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My child has mild cerebral palsy, which affects his speech and his gait. He uses a reverse walker for mobility, and his speech has improved with therapy. He was involved in the First Steps program but because of a series of surgeries he required, and the birth of his sister, I elected to become a “stay at home mom”. I did enroll him in the early childhood special education program at our local Head Start, but he only goes for two half-days each week. In the fall, he will begin Kindergarten, which is a half-day program in our district. What can I do, as a parent, to help make Kindergarten successful for him?

First, do what any parent would do. Love him, encourage him, and be enthusiastic about the beginning of school. Talk about beginning school in the fall, and use a calendar so he can “count down” the days. Plan special activities around beginning school, such as shopping for a backpack in his favorite color, or purchasing a rest mat that has pictures of his favorite cartoon characters. Drive by and look at “his school” and help him become familiar with the comings and goings at school - the buses, the crossing guard, where children enter and exit the school, etc. Take him to the introductory activities, so he can go in his classroom, learn his way to the “important places” (restroom, lunchroom, etc), meet other students and possibly meet his teacher.

As the parent of a child with a disability, make a visit to the school and meet the principal, the administrative staff, the staff therapists, and the school nurse. Sign any record releases or medical forms that may be necessary. Obtain and sign permission slips for any additional testing that may need to occur to move your son from an Individualized Family Support Plan (IFSP) and begin his Individualized Education Plan (IEP). If additional testing is needed, arrange for it to be done in advance of the beginning of school. Set the appointment for the first IEP, if possible. Make sure that the school facilities are accessible for your son, since he uses an assistive device for mobility. Don’t forget to check out the classroom, cafeteria, restrooms and the playground. Look for yourself to make sure they are accessible to your son, and point out any hazards or potential problems to the principal.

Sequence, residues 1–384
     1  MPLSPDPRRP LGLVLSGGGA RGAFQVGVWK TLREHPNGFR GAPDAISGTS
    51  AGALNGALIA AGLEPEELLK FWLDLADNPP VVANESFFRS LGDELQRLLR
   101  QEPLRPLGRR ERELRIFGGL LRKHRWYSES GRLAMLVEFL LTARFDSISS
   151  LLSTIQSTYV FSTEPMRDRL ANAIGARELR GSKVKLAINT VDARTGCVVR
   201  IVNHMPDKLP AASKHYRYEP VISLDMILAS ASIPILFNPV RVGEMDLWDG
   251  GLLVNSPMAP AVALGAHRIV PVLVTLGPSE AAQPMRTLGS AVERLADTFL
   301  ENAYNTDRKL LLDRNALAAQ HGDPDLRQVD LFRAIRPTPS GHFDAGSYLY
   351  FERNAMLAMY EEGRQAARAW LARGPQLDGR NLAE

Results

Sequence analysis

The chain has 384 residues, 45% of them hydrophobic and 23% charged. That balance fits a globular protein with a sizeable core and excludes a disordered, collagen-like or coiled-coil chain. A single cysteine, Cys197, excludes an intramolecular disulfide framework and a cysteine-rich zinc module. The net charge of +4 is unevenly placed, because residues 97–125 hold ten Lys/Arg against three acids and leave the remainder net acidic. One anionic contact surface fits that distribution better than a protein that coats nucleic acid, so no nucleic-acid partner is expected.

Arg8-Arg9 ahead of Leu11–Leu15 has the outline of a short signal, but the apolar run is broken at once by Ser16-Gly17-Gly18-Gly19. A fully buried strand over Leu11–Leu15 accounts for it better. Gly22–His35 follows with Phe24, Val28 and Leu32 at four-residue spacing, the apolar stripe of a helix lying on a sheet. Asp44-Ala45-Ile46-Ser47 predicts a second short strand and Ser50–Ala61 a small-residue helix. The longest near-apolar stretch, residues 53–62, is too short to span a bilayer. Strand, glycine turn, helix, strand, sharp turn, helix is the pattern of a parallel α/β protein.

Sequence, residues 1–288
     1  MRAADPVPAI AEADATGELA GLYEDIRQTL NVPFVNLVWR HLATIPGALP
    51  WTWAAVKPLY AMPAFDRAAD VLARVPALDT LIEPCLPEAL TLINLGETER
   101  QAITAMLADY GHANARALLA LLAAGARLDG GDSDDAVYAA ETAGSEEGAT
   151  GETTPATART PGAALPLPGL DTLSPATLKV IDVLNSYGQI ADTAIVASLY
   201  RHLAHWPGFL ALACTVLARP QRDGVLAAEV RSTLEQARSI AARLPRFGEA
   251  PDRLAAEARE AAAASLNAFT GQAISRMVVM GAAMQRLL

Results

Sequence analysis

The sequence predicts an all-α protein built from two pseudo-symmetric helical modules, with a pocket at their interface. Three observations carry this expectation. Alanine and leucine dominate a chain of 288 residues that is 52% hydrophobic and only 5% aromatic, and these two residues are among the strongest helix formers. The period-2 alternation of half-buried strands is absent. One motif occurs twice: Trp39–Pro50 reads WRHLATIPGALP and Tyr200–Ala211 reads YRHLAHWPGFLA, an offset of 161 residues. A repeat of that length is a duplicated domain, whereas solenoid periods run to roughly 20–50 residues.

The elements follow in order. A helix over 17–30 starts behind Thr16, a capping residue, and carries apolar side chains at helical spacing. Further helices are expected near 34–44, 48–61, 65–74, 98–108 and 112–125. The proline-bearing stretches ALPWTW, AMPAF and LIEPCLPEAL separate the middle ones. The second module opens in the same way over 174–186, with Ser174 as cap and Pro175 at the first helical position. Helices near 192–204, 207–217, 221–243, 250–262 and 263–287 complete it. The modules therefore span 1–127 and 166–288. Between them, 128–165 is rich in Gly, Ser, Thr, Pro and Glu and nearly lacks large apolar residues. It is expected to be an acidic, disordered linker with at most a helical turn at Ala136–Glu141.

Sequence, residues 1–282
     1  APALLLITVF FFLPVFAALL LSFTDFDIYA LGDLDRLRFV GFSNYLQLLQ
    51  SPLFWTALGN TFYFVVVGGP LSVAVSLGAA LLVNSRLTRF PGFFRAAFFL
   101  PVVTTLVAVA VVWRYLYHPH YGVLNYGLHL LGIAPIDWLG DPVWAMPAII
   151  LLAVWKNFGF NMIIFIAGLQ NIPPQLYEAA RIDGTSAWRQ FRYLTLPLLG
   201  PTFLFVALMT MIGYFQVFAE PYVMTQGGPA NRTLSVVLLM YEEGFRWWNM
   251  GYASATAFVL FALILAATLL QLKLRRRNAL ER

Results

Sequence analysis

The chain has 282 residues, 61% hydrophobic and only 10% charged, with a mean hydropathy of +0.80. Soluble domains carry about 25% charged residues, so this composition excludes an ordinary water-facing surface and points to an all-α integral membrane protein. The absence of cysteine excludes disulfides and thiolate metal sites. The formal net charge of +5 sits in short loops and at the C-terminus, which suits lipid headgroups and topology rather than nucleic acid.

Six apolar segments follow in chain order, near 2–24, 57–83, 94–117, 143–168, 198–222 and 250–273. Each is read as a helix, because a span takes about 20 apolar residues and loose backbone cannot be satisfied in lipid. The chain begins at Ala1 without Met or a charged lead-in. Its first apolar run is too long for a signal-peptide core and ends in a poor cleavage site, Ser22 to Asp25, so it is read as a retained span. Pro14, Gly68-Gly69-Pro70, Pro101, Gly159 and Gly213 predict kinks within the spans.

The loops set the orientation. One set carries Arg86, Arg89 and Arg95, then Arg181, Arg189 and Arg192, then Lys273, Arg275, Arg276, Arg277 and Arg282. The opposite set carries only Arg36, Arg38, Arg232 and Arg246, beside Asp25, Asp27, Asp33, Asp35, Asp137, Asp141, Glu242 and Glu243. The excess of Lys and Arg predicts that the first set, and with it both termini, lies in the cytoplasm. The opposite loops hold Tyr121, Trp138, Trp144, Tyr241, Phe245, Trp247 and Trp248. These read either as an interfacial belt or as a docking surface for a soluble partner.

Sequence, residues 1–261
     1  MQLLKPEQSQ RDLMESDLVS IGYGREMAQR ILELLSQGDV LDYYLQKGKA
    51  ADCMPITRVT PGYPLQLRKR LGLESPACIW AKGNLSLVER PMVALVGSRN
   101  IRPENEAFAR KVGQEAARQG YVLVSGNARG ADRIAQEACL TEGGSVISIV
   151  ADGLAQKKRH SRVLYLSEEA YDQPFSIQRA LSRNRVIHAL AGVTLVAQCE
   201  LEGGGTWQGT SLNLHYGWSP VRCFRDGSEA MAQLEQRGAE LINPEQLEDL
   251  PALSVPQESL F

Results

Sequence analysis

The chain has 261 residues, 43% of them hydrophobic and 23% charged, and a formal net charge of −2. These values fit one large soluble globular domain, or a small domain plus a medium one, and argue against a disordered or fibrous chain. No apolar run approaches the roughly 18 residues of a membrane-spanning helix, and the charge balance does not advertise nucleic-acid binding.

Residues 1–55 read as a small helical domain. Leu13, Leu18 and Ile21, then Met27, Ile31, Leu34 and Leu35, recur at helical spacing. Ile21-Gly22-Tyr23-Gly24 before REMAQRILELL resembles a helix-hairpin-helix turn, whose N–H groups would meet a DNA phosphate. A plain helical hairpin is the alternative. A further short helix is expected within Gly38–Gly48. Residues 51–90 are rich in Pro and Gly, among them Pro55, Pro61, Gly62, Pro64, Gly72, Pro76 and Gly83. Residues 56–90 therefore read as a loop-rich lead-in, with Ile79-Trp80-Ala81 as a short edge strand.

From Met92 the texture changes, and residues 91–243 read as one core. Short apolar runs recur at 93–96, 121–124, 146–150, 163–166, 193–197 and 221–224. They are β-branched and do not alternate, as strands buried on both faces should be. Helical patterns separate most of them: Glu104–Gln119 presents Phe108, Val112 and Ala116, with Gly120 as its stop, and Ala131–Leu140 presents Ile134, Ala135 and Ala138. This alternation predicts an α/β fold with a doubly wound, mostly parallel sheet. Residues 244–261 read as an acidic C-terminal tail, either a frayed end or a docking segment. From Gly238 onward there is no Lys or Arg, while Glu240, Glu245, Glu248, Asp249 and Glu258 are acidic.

Meet your son’s teacher and set up a conference with her just prior to the first day of school if possible. Answer any questions she may have about your son and his disability. Talk about issues of his self-esteem and how you relate to his disability as a family. Share any resources you may have, such as a book for her to read as a professional. Also, if you have them, share with the teacher kid-friendly books that may talk about differences, disability, and acceptance that she can share with the class. Develop a positive relationship with your son’s teachers, therapists and support staff as you all work together to assure him of the best future possible. But, also remember it is important to ask questions, advocate for the best interest of your son, and know his educational rights.



Michelle Reynolds, Director of the Missouri Developmental Disabilities Resource Center, University of Missouri-Kansas City



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Last update: Wednesday, April 14, 2010



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